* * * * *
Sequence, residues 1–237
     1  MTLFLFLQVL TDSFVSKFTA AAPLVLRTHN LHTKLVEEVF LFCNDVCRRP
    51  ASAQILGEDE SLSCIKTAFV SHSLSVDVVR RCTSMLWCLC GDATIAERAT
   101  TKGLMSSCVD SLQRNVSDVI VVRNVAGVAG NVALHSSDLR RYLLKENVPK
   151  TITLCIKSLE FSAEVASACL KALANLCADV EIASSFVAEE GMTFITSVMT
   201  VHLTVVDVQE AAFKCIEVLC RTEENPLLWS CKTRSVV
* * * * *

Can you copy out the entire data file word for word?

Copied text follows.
Sequence, residues 1–237
     1  MTLFLFLQVL TDSFVSKFTA AAPLVLRTHN LHTKLVEEVF LFCNDVCRRP
    51  ASAQILGEDE SLSCIKTAFV SHSLSVDVVR RCTSMLWCLC GDATIAERAT
   101  TKGLMSSCVD SLQRNVSDVI VVRNVAGVAG NVALHSSDLR RYLLKENVPK
   151  TITLCIKSLE FSAEVASACL KALANLCADV EIASSFVAEE GMTFITSVMT
   201  VHLTVVDVQE AAFKCIEVLC RTEENPLLWS CKTRSVV